Findings will appear in the November issue of the journal Nanotechnology.
Researchersattach the tubes to the ends of imaging instruments called atomic forcemicroscopes. Because the tubes are long and slender, their shape isideal for the emerging field of "nanometrology," which is preciselymeasuring structures on the scale of nanometers, or billionths of ameter.
Conventional silicon tips used on the microscopes areshaped like inverted traffic cones. They are fine for measuringrelatively flat surfaces, but they do not readily penetrate crevicesthat often exist in tiny devices and structures, said Arvind Raman, anassociate professor of mechanical engineering at Purdue. The silicontips also wear out quickly, reducing image resolution, whereas thecarbon nanotubes have been shown to retain their accuracy after manyhours of use, said mechanical engineering doctoral student Mark Strus.
Butwhile nanotubes better penetrate the nooks and crannies ofnano-structures, the flexible tubes often stick to the sides of thesestructures due to attractive forces between individual atoms called vander Waals' forces.
"An example I give students is that operatingin a nanoscale environment is like having flypaper everywhere becauseof the attraction of van der Waals' forces," Raman said. "Theseshort-range, inter-atomic forces are very relevant on this size scalebecause a nanometer is less than 10 atoms wide."
Researchers use nanotubes as probes by inducing a vibration in a portion of the microscope assembly called a microcantilever.
"Themicrocantilever, which does all of the surface sensing, can be thoughtof as a very small oscillating diving board on which the silicon tipand nanotube are mounted to the free end," Strus said.
As themicrocantilever vibrates, the nanotube tip comes close to the surfacebut never actually touches the object being imaged. The closer the tipcomes to the surface, the more powerful the attractive van der Waals'forces become. The increasing attraction causes changes in thevibration pattern of the oscillating microcantilever, and the changingpattern is carefully monitored to reveal precise changes in contours onthe surface of the object, yielding an image.
The same forcesthat enable the technology to work, however, also cause the stickingaction of the probe. The vibrating tip sticks to the sides of theobject being imaged, producing "artifacts," or inaccuracies in themeasurements and images.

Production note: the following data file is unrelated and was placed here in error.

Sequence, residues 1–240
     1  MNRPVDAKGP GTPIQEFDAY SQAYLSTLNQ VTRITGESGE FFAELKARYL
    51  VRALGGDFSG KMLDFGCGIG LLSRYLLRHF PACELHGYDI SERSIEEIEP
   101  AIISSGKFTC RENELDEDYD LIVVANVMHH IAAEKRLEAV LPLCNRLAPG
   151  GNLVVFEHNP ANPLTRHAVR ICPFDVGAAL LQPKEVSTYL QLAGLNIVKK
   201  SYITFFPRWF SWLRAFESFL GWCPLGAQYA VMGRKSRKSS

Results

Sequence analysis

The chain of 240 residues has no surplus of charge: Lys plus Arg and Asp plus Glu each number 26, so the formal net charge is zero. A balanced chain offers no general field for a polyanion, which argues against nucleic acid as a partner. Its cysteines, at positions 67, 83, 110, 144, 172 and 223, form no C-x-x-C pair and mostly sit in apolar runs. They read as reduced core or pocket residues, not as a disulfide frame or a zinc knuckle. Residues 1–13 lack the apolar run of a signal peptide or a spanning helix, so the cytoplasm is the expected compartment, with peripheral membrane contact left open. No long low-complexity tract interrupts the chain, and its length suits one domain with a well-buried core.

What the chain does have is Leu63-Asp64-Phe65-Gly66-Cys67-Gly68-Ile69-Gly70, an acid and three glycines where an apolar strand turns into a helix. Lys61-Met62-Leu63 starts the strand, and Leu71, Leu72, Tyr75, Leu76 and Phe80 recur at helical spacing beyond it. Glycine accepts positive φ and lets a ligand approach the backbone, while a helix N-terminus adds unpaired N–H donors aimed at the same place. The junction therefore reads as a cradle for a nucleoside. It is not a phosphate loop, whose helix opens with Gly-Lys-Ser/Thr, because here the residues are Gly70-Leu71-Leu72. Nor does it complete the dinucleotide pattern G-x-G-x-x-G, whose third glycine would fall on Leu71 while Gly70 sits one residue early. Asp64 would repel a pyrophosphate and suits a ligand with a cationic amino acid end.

Strus has led research aimed atoscillating the probes in a manner that prevents nanotubes fromsticking to structures, and new findings could lead to more accuratemeasurements using the slender probes. The journal paper was written byStrus, Raman, C-S Han, senior research manager from the NanomechanicalSystems Research Center at the Korea Institute of Machinery andMaterials, and C.V. Nguyen, a research scientists from the NASA AmesResearch Center in Moffett Field, Calif.
Methods to preciselymeasure structures on the scale of nanometers will become essential asnanostructures are used more often in applications such as computerchips, advanced sensors, microscopic machines and the creation of newmaterials. Precision measurements will be critical for developing newstandards needed to properly develop, study and manufacture productsbased on nanotechnology.
Although some researchers are usingnanotube tips in place of conventional silicon tips, the technique isstill being perfected and has not yet reached widespread commercial use.
"Oneof our points in this paper is that you can avoid getting theseartifacts if you know how to set the parameters," Strus said. "Forexample, you can change your set point or your amplitude and still geta good image with your nanotube."
The researchers showedprecisely how artifacts are created by the sticking nanotubes, whichare about 25 nanometers thick. The researchers also have shown how toavoid these artifacts by adjusting operating parameters of themicroscope to prevent the tube from sticking.
One way to decreasethe sticking is to increase the amplitude, or how far the probe moveseach time it vibrates across the surface. With each oscillation, thetube sweeps close to the surface of the object and then swings in theopposite direction, constantly repeating the motion. As the vibratingprobe sticks to the sides of a structure, the microscope's computerizedcontroller pulls the tip farther from the surface. Then, after the tipis pulled away, it starts vibrating normally again, and the controllerrepositions it closer to the surface, again resulting in the stickingaction. This cycle repeats, causing the image artifacts.
Theresearchers demonstrated how to prevent several specific types ofartifacts while using nanotubes to take images of tiny tungsten postsabout 100 nanometers in diameter and other nano-structures.
Theresearch was funded by the Centre for Nanomechatronics andManufacturing in South Korea, and the work is associated with Purdue'sBirck Nanotechnology Center, which is part of Discovery Park, theuniversity's hub for interdisciplinary research.
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